"The Dolphins" is told from the perspective of dolphins living in captivity. The speaker alternatives between what sounds like the individual voice of one dolphin and a collective voice for all of the dolphins living in this pool.
This voice begins the poem by pointing out that your "world" is the place where you "swim" or "dance." In other words, the environment you're in creates your reality. Notice that the speaker doesn't say "the world," perhaps hinting at the pure, "simple" way that dolphins experience things.
The mention of dancing, meanwhile, implies that these dolphins, like human beings, are capable of joy and play. This makes the following line more devastating, as it reveals that these emotional creatures feel trapped by their captivity. They might be in their "element," but they're "not free."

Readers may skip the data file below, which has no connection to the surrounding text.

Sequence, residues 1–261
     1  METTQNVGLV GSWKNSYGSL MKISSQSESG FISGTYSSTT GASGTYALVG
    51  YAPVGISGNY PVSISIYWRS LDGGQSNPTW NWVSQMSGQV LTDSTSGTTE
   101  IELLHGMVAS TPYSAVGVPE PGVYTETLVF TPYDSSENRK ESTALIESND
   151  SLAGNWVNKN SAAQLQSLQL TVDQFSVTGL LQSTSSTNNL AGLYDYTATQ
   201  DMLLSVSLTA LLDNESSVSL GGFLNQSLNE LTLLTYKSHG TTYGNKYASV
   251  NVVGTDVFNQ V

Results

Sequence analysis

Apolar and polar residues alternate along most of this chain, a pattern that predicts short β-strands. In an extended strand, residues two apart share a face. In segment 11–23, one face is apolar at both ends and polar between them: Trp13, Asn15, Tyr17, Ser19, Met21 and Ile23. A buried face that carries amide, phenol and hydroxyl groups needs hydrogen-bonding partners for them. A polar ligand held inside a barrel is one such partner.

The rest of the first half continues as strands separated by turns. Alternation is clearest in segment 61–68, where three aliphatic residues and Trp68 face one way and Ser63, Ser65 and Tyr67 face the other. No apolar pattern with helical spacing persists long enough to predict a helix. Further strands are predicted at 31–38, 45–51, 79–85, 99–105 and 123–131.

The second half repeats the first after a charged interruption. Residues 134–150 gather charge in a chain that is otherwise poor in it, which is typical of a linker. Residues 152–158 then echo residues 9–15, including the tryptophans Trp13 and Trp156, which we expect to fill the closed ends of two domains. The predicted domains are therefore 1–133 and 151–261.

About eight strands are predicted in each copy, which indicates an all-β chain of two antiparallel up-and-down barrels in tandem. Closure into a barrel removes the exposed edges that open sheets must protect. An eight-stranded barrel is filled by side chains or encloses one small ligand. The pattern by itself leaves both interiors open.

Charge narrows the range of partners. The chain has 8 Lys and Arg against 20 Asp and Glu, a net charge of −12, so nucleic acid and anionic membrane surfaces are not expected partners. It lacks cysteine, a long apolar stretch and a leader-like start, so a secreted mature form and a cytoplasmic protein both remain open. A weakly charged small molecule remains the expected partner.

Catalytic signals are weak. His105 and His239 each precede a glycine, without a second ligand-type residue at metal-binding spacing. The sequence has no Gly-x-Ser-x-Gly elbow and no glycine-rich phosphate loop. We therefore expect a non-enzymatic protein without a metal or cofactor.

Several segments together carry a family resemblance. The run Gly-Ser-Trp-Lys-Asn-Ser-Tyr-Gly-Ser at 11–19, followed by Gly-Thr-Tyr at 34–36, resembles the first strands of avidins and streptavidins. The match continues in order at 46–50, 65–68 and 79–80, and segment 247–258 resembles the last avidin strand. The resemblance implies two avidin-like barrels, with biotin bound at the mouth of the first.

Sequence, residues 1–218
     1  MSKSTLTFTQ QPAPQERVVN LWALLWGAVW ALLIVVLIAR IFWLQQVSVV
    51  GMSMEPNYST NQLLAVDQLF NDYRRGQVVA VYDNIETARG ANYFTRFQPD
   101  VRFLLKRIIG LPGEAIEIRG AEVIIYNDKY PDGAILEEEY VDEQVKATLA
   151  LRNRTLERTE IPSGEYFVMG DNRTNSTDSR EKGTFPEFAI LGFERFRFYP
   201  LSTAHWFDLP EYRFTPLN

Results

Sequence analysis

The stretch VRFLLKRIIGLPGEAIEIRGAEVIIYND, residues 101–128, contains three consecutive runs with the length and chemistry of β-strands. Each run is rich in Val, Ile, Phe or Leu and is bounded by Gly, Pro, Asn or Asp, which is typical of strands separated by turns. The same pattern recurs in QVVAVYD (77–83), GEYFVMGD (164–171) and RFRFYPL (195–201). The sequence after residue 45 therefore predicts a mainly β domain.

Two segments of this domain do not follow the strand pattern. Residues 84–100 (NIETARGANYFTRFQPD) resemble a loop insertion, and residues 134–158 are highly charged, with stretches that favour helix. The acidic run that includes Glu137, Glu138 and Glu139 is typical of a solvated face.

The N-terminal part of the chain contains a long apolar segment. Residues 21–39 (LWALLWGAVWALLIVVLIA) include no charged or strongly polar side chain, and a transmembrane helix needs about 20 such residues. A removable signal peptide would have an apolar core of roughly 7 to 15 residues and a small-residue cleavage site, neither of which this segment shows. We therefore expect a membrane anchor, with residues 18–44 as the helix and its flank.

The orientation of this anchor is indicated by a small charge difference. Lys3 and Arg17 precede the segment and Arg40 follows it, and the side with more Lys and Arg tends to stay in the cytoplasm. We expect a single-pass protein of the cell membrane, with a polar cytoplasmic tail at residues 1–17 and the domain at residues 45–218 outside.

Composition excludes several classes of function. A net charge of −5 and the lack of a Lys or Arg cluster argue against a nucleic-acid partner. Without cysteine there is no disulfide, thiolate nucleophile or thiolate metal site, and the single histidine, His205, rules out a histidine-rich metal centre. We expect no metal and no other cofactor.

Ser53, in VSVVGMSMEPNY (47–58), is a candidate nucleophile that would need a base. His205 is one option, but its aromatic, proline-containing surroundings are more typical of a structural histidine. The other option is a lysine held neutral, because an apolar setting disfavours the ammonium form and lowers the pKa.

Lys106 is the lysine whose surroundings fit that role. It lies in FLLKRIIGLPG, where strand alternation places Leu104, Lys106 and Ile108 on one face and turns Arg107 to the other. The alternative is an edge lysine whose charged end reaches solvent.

The word "element" here is a pun: on one level, it refers to the fact that the dolphins are in the water, one of the four classical "elements" of matter (earth, air, water, and fire). But to be "in one's element" also means to be thriving in one's conditions—which is clearly not the case for these dolphins. Their "world" has drastically shrunk now that they're confined to an extremely limited space from which they can't escape. The parallelism of "We are in our element" and "we are not free" underscores the cruel irony of the dolphins' situation: they need water to survive, but the water of this manmade habitat has become their prison.
These lines, like the rest of the poem, are written in free verse. The lack of a regular meter or rhyme scheme makes it sound more like readers are right there with the dolphins in the moment, hearing their deepest, unfiltered thoughts. Note, too, that these opening lines each end with a firm end-stop. The poem immediately sounds straightforward and to the point, as though the dolphins fully understand the dismal reality of their situation.